The Maintou Incline… what can I say about this wonderful, challenging, and beautiful climb here in Colorado? For starters, I have injured myself ALMOST every single time I have climb the steps of the incline. The wonderful 2700 steps.
The Manitou Incline increases in altitude by a little over 2,000 feet, a little less than a mile in length, and approximately 2700 steps. How do I know the number of steps? I count them… every single time. I will touch back on that next. The incline is a very challenging endeavor and it’s not for those who are not prepared. This past weekend there were 5 or 6 rescues on the incline to where it got to the point that the news stations, fire fighters, and rescue teams were posting on social media to remind the community that the incline isn’t easy. I have seen individuals do this in jeans or other pieces of clothing that should be left at home and carrying only one water bottle. As an example, when I go, I am in clothing that is light, wicking, and comfortable as well as a camelback. That camelback will last me all the way up and majority of the way down. In addition to clothing you may want to spray yourself with sunscreen. So here is my word of caution, make sure you are dressed appropriately and wear the correct attire, it can take rescue teams 3-6 hours each time when called to the incline.
Last week I did the incline with a friend, and it was hot, the sun was shining down hard on us about an hour after we started. So the earlier you start the better, so that way you can be protected from the sun.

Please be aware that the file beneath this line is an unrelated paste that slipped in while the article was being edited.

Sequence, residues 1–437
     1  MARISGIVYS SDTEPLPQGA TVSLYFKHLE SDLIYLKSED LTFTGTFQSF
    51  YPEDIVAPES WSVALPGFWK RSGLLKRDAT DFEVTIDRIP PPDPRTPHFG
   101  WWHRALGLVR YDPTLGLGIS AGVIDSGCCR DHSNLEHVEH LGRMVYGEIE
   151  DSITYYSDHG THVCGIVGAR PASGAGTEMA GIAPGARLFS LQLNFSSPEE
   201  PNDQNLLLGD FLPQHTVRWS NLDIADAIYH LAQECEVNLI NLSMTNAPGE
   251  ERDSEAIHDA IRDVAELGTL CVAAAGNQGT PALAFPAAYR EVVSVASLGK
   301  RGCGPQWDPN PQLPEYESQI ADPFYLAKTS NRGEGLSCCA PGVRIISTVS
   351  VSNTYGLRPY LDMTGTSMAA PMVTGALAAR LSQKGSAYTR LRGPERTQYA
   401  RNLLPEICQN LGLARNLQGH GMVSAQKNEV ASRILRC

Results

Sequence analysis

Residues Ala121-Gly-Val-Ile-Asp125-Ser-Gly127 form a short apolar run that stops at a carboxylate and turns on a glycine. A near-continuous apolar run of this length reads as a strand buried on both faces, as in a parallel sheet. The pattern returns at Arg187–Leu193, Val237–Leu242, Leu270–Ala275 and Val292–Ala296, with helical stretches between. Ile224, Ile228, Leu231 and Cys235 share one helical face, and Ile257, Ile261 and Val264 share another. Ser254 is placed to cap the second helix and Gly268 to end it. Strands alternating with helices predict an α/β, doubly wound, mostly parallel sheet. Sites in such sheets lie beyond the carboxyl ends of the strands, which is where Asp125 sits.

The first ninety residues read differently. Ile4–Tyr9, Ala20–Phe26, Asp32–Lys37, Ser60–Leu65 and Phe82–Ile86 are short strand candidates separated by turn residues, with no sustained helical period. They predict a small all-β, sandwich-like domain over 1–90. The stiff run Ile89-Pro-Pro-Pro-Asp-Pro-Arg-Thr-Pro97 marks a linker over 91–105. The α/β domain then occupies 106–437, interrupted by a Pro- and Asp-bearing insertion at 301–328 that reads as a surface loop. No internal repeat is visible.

While I usually listen to a podcast when going up, sometimes it’s not enough to cancel out the lovely pain of climbing those steps. So I usually count them. I make myself mini goals on when I can take breaks, and after each break I try to go a little further than the last time. I get excited when I reach the halfway point of counting the steps, I get a little more excited when I reach the bailout point, and then I push myself even harder when I reach the false summit. My little mini goals are what keep me going to the incline as much as I do. Oh and yes, you read that correctly, there is a false summit, so while you are so happy and ecstatic that you are getting close, trust me there is more.
After you make it up the incline the way to get down is by taking the path down via Barr Trail. Barr Trail when hiking up and passing the incline, it takes you up to the summit of Pikes Peak. After the incline and going down Barr Trail, many people will choose to walk or run down… I am a runner. It is approximately 3.5 miles down, and despite the long hike up, you all of a sudden find the energy to run down. I honestly just also want to get down as fast as possible.
Running down is where I seem to injure myself. I have twisted, sprained, and rolled my ankle running down that trail more times then I can count. I once found out a few weeks after an injury that I had fractured my ankle. So this last time, you can probably guess… I injured it. It was so bad my friend told me that we should just walk all the way down… I walked a teeny tiny portion and then continued running. I of course continued running because like I said… I want to get down as fast as possible. Was that wise? Absolutely not, however I am used to it at this point.
So in a few days time I am doing it again with my sister and her girlfriend. I told them we will be starting at 6:30 AM so that way we are done before it gets too hot and so I can also get a very delicious pancake breakfast afterwards.
Despite injuring myself almost every single time I am thankful of what my body can do for me. I am thankful of the fact that I am able to do these types of hikes and challenge my body and mind when attempting each task that I do.
What do you do to challenge yourself?